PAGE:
The referendum would ask voters whether the City Charter should be amended to require the mayor to set aside 25 percent of any unencumbered funds received from the state through the Campaign for Fiscal Equity lawsuit and to spend it on reducing class size.
Bloomberg’s lawyers claim that the authority to spend any resulting money belongs to the city’s Department of Education, which should not be viewed as an extension of the city government. Proponents of the referendum, on the other hand, point to Bloomberg’s campaign in 2002 to gain mayoral control over city schools, arguing that the resulting law gave him, along with other prerogatives, the power to require the reduction of class sizes.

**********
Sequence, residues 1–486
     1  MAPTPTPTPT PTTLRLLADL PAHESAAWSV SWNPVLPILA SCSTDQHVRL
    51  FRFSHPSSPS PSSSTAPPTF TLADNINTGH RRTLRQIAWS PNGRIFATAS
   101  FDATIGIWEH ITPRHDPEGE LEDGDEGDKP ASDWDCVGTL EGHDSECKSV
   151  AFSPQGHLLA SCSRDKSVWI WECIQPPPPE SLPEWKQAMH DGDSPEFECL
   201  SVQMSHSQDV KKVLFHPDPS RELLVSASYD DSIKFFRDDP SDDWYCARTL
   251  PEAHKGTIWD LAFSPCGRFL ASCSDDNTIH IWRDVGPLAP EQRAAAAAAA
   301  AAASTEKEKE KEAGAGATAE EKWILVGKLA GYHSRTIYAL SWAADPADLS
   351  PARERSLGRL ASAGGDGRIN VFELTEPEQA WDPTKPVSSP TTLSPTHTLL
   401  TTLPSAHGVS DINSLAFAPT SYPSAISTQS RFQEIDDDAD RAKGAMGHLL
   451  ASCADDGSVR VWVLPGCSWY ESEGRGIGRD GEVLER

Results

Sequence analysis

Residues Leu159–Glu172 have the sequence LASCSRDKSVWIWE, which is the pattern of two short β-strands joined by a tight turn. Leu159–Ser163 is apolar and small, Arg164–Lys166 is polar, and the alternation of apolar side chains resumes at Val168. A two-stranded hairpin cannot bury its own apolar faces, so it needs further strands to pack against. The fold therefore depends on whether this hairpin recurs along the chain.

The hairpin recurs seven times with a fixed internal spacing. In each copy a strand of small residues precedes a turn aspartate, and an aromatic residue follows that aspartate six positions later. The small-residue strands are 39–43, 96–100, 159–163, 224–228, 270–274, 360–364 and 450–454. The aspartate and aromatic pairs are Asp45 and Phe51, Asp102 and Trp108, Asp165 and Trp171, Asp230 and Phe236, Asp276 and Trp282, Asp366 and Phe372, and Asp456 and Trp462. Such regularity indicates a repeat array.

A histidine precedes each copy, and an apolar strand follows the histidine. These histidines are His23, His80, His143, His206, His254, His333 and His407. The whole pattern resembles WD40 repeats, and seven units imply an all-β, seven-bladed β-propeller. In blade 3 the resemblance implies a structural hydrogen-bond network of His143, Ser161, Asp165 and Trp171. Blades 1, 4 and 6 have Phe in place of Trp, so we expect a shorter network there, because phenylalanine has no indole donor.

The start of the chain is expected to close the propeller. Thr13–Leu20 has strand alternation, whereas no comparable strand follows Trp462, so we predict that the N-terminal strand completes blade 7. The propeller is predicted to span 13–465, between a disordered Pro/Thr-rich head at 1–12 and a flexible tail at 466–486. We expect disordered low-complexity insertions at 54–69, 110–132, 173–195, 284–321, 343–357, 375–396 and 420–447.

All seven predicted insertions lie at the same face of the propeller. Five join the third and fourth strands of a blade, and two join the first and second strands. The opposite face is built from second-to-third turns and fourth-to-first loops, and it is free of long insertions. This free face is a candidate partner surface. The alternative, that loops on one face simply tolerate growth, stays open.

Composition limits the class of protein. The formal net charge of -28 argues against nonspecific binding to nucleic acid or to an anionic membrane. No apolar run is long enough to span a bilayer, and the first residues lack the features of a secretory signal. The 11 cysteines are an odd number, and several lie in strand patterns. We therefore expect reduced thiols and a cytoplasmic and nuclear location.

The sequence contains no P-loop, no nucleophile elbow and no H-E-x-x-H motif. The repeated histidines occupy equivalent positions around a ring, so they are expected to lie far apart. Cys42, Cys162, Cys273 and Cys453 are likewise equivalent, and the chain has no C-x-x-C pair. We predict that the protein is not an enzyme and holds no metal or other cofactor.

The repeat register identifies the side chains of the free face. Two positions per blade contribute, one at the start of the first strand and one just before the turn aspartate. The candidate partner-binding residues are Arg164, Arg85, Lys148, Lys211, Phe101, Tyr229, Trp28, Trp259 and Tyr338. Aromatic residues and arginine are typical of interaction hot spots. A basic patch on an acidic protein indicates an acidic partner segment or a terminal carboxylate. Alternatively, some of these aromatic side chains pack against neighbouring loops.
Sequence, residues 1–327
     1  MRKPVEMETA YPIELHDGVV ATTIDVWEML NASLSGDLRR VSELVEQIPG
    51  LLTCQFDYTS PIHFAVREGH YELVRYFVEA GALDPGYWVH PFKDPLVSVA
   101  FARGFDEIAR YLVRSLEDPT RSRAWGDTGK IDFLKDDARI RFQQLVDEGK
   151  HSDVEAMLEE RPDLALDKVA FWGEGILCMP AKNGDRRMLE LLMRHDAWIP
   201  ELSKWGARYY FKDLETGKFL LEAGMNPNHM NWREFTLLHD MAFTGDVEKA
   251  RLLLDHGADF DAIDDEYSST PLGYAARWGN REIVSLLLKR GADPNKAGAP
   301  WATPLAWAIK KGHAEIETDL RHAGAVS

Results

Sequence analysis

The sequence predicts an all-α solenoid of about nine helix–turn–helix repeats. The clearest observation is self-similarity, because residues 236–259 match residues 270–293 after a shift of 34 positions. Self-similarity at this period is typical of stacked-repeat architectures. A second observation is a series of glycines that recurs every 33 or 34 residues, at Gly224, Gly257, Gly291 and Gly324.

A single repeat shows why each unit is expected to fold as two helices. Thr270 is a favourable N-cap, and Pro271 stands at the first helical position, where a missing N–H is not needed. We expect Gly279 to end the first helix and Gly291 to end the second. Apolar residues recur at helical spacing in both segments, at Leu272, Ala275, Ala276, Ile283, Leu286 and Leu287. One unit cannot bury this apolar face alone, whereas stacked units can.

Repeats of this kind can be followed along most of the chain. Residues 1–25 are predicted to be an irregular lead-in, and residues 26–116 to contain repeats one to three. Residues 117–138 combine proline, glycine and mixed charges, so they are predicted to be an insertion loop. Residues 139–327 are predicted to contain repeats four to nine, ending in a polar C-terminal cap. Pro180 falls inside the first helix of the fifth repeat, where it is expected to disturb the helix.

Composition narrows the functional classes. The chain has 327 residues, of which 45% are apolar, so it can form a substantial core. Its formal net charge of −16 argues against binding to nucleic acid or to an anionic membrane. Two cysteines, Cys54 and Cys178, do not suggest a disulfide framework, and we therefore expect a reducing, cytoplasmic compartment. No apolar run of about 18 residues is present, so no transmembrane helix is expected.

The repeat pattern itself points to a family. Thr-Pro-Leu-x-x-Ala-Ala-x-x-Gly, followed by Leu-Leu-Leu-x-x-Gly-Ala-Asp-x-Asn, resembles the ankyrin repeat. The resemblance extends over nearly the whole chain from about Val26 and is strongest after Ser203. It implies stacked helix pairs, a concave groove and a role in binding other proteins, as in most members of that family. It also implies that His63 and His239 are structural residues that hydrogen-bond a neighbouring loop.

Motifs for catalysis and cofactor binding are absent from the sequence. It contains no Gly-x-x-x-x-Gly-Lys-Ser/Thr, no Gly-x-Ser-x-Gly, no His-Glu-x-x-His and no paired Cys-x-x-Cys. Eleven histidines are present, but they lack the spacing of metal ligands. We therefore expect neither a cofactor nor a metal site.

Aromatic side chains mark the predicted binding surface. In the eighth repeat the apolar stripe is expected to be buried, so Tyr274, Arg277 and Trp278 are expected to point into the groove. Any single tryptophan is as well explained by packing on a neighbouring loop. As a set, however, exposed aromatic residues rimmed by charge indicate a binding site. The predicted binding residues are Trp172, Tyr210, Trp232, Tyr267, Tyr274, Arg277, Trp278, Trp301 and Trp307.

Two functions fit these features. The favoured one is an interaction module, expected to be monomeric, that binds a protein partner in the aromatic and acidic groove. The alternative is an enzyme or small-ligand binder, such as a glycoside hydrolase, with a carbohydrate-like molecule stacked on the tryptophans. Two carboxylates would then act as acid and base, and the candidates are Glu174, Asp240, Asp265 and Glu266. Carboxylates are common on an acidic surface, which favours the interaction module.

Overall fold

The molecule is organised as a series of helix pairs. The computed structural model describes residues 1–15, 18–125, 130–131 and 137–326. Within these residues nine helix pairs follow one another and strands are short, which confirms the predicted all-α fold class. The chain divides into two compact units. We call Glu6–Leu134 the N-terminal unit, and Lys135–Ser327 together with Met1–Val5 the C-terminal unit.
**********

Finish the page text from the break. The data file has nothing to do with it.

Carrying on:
It is fitting that there is a fight in NYC over the power to spend money resulting from the CFE case, since the main constitutional question in the CFE appeal is whether the court even has the power to mandate appropriation of the funds in the first place. In our recent amicus brief to the Court of Appeals, we argued that it is appropriate and even necessary for the Court to mandate the allocation of funds because the dysfunction of the legislature has rendered any legislative relief unlikely. After more than 10 years of litigation, it is still unclear if, when, and how a sufficient sum of money will be appropriated to New York City schools to fix the constitutional deficiencies the Court has previously identified. We hope to see the Court issue an enforceable order mandating that New York State's government take the needed steps to do so, but I guess it remains to be seen who will be in charge of the money after that.